It’s only when you finally accept an offer that everything starts to feel right. That is, if you accept an offer at the right place.
From my very first day at Proven Recruiting, I knew I had found a second home. The friendly faces, animated personalities and warm welcomes immediately made me feel like I belonged. It’s not easy starting a new internship - let alone your first internship - but the encouraging atmos...
Your summer internship checklist – how to find the right fit for you.
Recruiters don’t often come with a user manual or best practices guide for taking full advantage of the resources we offer. And because of this, many hiring managers, companies, and recruiters end up feeling less than satisfied.
From mismatched ‘culture fit,’ to candidates ghosting on interviews, companies are left wondering what went wrong. Where is the process falling apart?
During my 10+ years in this business working directly with executives and hiring managers, I’ve witnessed the collapse of countless candidate-company and company-recruiter relationships. And each time,...
4 ways your company can get more from your recruiter, build better relationships, and save money
New job, new salary, new...vacation policy? More and more, companies are using so-called ‘unlimited vacation’ as a recruitment strategy - but what does it really mean? Are you actually winning in this deal?
In all likelihood, yes - you’ll be coming out ahead. Unlimited vacation policies signal a level of trust that few companies are willing to impart. In that sense, you’ve found a good place to build a career.
But if you’re already busy mentally planning your next five trips, you may want to think again. It’s a tricky situation - unlimited vacation was likely one of the deciding factors when you accepted your offer, and you certainly want to make good use of it. On the other hand - you don’t want to be that person. Where do you draw the line?
The unspoken rules of unlimited vacation
Even the highest paying, trendiest job can be sabotaged by a bland or unrepresentative posting. We’ve all experienced it; you post about an exciting new opening at your company, only to find that very few people - with often misaligned skills - are applying. What gives?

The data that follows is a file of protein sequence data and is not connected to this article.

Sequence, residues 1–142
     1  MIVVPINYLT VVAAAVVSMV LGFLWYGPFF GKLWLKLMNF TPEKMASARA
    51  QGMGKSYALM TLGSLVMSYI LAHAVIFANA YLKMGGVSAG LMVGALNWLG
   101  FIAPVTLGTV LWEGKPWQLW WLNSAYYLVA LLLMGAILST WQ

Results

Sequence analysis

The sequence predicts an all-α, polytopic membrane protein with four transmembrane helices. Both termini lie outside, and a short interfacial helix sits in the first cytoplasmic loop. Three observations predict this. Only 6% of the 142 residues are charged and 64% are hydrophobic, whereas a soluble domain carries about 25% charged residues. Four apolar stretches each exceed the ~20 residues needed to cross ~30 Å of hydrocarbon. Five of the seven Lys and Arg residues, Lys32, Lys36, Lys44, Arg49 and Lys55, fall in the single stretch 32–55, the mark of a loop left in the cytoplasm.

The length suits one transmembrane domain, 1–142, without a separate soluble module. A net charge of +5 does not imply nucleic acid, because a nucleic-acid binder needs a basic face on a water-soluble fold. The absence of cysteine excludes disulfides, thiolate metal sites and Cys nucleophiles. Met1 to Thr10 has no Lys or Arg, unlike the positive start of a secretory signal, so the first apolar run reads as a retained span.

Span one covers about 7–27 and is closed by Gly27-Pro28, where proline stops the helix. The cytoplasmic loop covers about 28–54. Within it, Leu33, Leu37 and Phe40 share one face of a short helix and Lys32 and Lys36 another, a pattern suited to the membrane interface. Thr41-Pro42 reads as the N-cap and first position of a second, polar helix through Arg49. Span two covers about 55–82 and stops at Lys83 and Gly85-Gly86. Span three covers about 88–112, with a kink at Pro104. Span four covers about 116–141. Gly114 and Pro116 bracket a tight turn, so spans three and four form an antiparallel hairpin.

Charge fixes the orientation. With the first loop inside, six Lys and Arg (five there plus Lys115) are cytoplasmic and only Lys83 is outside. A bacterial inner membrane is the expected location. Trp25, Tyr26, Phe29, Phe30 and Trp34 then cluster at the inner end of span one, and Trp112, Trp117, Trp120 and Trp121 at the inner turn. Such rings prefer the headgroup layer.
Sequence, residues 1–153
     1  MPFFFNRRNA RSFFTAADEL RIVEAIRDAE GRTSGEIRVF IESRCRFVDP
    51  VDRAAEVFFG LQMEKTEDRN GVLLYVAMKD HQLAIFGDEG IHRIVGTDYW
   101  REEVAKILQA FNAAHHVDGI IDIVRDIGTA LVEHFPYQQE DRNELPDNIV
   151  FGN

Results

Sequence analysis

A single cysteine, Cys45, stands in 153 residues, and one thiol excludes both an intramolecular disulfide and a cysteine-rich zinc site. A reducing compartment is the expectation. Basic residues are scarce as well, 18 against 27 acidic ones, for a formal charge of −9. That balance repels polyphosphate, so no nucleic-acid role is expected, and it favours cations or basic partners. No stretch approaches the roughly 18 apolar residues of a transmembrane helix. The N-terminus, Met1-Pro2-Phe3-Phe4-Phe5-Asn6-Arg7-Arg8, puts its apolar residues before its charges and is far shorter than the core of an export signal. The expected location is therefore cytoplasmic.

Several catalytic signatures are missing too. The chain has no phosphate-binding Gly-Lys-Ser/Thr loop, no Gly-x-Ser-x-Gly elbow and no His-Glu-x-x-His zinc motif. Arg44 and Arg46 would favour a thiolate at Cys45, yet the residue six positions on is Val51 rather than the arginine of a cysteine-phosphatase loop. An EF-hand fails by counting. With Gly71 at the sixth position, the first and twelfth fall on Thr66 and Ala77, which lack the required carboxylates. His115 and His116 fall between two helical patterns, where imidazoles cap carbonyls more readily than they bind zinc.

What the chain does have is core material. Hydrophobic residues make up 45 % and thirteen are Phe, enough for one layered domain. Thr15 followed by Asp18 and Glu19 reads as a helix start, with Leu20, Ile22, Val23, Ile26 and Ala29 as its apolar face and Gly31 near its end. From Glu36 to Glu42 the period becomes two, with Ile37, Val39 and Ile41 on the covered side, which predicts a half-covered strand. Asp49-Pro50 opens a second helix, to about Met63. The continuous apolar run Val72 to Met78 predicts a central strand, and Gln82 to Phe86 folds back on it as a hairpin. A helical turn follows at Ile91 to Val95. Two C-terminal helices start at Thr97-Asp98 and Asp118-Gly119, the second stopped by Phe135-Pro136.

Yes - you’ve described the ideal candidate, outlined the key responsibilities, and alluded to opportunities for growth. But have you communicated your culture? Have you drawn people in? Are you really describing the person who would best fit the role?
The most successful job posts don’t simply explain the position - they make people engage with it on a personal level. These posts show candidates how they will help move the company forward, how they will contribute to its growth and culture.
Want to increase your qualified applicants? Follow these steps:READ MORE
Write smarter job posts, attract better candidates.
Why is talking about yourself so hard? Shouldn’t it be one of the few subjects you can speak to without hesitation or thought? Yet this topic - whether raised in an interview setting, at a networking event, or at a cocktail party - is, and forever will be, a common and often stressful conversation piece throughout your life.
In recruiting, I deal with this prompt regularly. ‘Tell me about yourself’ or ‘walk me through your background’ are the requisite first liners at any decent interview. How you answer will set the tone for the following conversation - be that a strained Q&A or a naturally flowing discussion.
Here’s the key: the way in which you approach this topic at a cocktail party cannot be the same as the way you do in an interview. This prompt requires unique handl...
‘Tell me about yourself’ – how to answer the most misunderstood interview prompt